Glaciers are shrinking at record rates and many could disappear within decades, the UN Environment Programme (UNEP) said yesterday. Scientists measuring 30 glaciers around the world found ice loss reached record levels in 2006, the most recent year for which data are available.
The most severe loss was recorded at Norway's Breidalblikkbrea glacier, which shrank 3.1m (10.2ft). On average, glaciers shrank by 1.5m. "The figures are part of what appears to be an accelerating trend with no apparent end in sight," said Wilfried Haeberli, director of the World Glacier Monitoring Service, which conducted the study.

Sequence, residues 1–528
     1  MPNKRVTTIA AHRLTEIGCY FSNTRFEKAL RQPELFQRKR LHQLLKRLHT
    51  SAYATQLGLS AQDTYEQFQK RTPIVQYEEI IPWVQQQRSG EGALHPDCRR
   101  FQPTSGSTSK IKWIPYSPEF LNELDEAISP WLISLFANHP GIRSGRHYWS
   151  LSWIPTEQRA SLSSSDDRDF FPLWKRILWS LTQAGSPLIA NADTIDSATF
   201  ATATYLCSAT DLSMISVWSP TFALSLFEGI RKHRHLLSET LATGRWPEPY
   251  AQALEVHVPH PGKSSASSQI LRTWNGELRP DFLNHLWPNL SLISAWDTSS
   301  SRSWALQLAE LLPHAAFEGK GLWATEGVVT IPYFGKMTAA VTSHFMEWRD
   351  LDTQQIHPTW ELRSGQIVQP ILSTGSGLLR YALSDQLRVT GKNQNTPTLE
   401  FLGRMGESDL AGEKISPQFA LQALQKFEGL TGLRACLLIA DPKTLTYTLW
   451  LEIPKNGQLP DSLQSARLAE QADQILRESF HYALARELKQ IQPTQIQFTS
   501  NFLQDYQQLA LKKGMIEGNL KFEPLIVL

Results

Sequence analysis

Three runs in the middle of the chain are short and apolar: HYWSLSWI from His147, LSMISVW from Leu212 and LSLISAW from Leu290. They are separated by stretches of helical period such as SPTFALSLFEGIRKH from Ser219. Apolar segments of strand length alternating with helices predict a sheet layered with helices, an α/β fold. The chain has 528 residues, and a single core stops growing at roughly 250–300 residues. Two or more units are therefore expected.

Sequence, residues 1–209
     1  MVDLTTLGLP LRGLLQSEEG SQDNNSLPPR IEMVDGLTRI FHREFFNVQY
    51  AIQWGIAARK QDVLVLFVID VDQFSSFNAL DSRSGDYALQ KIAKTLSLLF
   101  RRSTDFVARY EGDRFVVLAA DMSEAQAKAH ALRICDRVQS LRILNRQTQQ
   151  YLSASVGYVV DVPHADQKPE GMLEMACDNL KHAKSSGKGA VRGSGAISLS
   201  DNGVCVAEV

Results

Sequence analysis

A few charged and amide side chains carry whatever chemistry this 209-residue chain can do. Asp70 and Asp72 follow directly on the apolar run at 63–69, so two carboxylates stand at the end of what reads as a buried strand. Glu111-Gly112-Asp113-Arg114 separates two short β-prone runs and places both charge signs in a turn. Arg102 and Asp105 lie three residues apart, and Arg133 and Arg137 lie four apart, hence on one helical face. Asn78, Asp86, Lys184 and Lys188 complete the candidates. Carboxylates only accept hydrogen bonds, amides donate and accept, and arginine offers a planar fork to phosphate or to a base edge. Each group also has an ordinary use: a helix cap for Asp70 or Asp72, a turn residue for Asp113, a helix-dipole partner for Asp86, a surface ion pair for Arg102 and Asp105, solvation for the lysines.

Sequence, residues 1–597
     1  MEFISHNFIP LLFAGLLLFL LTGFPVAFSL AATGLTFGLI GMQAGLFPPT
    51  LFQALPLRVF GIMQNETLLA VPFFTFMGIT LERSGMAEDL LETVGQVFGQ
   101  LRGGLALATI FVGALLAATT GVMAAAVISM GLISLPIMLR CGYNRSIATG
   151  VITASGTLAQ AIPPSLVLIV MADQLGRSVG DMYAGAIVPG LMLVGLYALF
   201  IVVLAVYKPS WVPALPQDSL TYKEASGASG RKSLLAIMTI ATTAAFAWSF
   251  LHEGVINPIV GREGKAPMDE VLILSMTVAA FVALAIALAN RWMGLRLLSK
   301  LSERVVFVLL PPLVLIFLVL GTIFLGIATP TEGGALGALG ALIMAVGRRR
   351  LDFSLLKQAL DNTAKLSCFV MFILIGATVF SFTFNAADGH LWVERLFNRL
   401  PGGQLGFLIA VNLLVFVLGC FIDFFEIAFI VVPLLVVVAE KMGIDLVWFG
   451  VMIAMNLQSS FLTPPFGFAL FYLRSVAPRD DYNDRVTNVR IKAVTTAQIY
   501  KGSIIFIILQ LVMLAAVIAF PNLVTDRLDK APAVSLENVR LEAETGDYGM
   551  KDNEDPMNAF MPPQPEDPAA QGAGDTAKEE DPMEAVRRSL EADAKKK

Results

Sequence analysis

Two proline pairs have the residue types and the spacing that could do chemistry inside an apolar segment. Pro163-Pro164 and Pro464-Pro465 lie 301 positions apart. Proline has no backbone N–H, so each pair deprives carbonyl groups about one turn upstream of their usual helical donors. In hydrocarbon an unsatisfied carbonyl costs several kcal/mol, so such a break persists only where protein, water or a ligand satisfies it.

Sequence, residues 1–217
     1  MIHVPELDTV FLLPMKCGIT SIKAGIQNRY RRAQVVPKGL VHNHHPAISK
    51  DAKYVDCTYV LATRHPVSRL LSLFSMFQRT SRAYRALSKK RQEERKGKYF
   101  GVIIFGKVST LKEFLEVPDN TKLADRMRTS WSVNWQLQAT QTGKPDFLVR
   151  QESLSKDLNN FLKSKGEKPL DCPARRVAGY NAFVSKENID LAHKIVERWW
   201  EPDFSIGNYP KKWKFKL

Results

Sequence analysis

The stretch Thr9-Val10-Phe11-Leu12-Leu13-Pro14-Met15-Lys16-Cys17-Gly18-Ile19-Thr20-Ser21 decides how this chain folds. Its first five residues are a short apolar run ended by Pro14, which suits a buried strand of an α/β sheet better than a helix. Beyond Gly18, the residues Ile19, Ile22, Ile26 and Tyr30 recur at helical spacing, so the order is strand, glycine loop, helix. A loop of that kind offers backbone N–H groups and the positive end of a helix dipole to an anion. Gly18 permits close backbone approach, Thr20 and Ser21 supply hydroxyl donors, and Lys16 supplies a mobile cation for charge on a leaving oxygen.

Professor Haeberli said that between 1980 and 1999 glaciers lost an average of 0.3m of ice a year. But since 2000 the average loss has increased to about 0.5m.
UNEP warned that further ice loss could have dramatic consequences, particularly in India, whose rivers are fed by Himalayan glaciers, and the US west coast, which gets water from glaciers in the Rocky Mountains and Sierra Nevada.
UNEP's director, Achim Steiner, urged governments to agree stricter targets for emissions reductions.